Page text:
University News

Web update: As Simmons’ departure draws near, President-elect Paxson returns to campus

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President-elect Christina Paxson discussed financial aid, public health and the University’s expansion with faculty members, administrators and representatives from the graduate and undergraduate student bodies Thursday during her second official visit to the University since being named Brown’s 19th president in March.

The trip is intended to continue Paxson’s process of learning more about the University and getting to know the administrators and student leaders she will be working with upon assuming the presidency July 1, she said. After reading about her future colleagues, Paxson said, “I just need to start to establish personal relationships with them.”

Paxson met Thursday with six vice presidents of the University, Dean of the Graduate School Peter Weber and Terrie Wetle, associate dean of medicine for public health and public policy. Paxson also had lunch with members of the Graduate Student Council and dinner with the outgoing and incoming executive boards of the Undergraduate Council of Students.

Paxson arrived Wednesday evening and will be at Brown until Saturday. She is attending events in conjunction with the Women’s Leadership Conference celebrating the 120th anniversary of women at Brown.

As Paxson meets with more members of the community, she will develop a greater understanding of major issues on campus, she said. “What talking to so many people does is it adds nuance and context, and I’m beginning to get a better sense of what people’s priorities are,” she said.

Paxson met 18 UCS members for dinner Thursday night. After briefing Paxson on the history of UCS and its relationship with the University president, students discussed financial aid, student group funding, the council’s role in Paxson’s transition and student involvement in the tenure process, said UCS President-elect Anthony White ’13.

The conversation particularly focused on communicating student perspectives and ways in which UCS can support Paxson “so that she can really hit the ground running,” White said.

White, who is also a co-founder of Brown for Financial Aid, said he was heartened by the commitment to financial aid priorities Paxson expressed during their discussion.

“It was reassuring to hear that there is this very hopeful feeling about improving financial aid,” he said. “There’s this push and desire to fundraise, and this sort of enthusiasm to move financial aid forward is very encouraging.” UCS members also spoke with Paxson about how to balance the two major priorities of going need-blind for all students and reducing the loan burden, White said.

Wetle spoke with Paxson about the public health program’s research, academics and faculty and about the movement toward a school of public health, Wetle said. Paxson, who began her career in development economics, has often examined public health issues in her scholarship.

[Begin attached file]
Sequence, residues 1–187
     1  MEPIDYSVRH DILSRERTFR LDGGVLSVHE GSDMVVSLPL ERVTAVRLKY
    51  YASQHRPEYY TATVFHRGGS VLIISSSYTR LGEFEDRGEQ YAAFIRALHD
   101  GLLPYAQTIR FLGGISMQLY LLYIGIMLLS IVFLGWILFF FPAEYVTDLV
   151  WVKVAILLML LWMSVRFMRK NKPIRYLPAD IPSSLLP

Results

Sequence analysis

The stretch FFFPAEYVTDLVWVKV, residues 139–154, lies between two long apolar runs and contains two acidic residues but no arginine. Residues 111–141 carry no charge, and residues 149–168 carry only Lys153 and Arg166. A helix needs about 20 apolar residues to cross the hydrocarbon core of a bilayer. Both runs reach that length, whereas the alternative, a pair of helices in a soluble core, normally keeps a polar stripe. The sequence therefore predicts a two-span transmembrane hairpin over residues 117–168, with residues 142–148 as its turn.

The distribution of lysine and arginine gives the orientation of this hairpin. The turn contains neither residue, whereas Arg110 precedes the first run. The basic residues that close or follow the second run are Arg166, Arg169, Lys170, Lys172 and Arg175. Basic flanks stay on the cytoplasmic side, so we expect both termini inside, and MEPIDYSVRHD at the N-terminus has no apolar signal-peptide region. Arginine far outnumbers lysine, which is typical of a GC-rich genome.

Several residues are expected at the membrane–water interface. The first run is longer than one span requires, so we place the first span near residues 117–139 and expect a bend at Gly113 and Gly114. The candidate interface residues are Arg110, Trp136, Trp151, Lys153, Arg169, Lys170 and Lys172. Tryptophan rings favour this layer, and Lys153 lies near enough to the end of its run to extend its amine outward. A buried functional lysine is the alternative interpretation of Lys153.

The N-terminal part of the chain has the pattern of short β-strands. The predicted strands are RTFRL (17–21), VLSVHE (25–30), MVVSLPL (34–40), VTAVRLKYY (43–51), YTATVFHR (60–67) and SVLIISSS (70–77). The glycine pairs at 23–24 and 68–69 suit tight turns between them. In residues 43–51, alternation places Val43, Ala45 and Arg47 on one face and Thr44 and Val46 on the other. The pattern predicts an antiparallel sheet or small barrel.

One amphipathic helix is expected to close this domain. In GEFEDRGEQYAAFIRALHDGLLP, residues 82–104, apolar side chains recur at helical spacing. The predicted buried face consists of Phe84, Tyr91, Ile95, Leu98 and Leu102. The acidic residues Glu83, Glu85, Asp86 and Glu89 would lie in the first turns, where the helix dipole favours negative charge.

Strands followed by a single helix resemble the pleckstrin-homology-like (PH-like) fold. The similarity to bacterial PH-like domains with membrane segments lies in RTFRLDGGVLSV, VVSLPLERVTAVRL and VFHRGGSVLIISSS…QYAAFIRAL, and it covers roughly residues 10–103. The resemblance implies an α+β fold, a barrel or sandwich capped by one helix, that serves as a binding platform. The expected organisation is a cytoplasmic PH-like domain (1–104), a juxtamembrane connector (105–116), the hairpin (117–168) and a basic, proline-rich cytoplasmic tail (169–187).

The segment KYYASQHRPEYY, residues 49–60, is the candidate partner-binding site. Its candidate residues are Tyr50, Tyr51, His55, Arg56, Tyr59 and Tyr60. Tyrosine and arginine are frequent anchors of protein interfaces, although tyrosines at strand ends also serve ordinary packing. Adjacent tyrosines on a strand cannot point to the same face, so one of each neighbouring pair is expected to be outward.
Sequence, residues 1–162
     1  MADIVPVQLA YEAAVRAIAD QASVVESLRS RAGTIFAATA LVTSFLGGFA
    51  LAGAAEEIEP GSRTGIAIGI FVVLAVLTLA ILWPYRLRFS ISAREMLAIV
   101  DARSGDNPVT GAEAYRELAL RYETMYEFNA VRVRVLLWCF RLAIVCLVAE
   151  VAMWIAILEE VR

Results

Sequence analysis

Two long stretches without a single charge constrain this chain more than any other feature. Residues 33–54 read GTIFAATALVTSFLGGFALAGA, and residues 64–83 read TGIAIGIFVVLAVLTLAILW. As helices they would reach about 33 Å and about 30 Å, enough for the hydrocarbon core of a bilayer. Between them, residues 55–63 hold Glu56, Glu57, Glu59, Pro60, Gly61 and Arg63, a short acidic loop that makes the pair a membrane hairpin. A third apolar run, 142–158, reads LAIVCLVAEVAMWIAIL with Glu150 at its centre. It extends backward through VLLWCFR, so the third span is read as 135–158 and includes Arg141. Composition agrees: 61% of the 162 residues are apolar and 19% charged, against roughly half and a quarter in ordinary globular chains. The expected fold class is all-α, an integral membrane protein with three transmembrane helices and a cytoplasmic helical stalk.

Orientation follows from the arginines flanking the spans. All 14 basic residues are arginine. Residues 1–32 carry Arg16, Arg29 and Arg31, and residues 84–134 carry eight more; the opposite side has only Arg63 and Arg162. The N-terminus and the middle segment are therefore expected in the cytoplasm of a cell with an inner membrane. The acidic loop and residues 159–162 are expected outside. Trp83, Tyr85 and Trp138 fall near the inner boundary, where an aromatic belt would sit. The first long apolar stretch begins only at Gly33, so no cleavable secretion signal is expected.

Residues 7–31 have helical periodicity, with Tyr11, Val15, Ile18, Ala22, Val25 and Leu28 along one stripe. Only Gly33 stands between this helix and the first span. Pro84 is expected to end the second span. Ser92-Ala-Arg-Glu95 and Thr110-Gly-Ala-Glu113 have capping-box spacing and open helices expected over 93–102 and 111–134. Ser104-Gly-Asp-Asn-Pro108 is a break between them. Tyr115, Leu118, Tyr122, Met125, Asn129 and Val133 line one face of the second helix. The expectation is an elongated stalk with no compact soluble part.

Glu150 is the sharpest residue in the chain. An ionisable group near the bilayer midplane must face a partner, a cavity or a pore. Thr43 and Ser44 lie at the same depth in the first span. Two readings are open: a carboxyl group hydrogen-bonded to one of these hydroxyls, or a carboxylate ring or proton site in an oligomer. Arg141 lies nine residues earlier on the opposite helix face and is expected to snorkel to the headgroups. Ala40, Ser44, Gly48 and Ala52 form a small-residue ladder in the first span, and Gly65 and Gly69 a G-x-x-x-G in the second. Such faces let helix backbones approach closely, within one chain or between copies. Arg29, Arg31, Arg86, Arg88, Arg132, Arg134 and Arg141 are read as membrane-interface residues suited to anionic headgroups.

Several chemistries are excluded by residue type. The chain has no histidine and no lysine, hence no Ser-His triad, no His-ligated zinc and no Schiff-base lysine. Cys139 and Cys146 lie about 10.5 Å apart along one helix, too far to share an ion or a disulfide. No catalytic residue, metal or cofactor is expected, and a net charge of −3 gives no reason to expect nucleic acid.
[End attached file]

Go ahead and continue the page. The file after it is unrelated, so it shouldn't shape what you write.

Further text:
Wetle said the meeting was productive and that she looked forward to working with the president-elect. “She was very insightful in the questions that she asked. She’s a very quick study,” Wetle said, adding that Paxson “was really enthusiastic in our interaction.”

Richard Spies, executive vice president for planning and senior adviser to the president, also met with Paxson during the day to discuss the recent history of planning initiatives at the University and “the larger set of community issues” Paxson will face, Spies said. The visit was an opportunity for Paxson to gain further knowledge about the University “rather than forming judgments,” said Spies, who will step down at the end of this year.

The future of Spies’ position, which was created for him under Simmons, remains undecided. “I am still finalizing plans for how the office will be structured,” Paxson said, adding that she plans to decide that structure within the next month.

Spies said the position will probably change somewhat, given that the University itself will be changing. “I think my assumption – and this is not because of any insight or information – is that it will change,” he said. “I think it’s likely that it doesn’t exist as a separate office.”

Paxson expressed appreciation for the announcement this week of the solution to negotiations with Providence over Brown’s financial contributions to the city. “I’m grateful to President Simmons for having finished that before she stepped down,” Paxson said. “What it means is we will be transitioning to, I hope, a new phase of the relationship with the city.”

During her lunch with seven officers from the Graduate Student Council, Paxson engaged in “a good and frank exchange of opinions,” said GSC President Matteo Riondato GS. GSC members talked with Paxson about their role as student leaders, as well as “what we think needs to be changed or needs to be improved,” Riondato said, though he declined to elaborate on specific issues.

Riondato said he was impressed by the openness of the discussion and Paxson’s willingness to speak directly with the students. “She came down by herself without any assistant or without any secretary. It was just her and us,” he said. “I think that was wonderful because we could really be completely open.”

Paxson told The Herald that she plans to visit the University again for Commencement, though she will not play any official role in the ceremony.

She will move to Providence in mid-June, a few weeks before her presidency begins, which will allow time to meet with more University staff and leaders in the city and state, she said. Her husband plans to commute between Providence and his work in New York City, while Paxson’s younger son will remain at his current high school in Pennsylvania as a boarder, she said.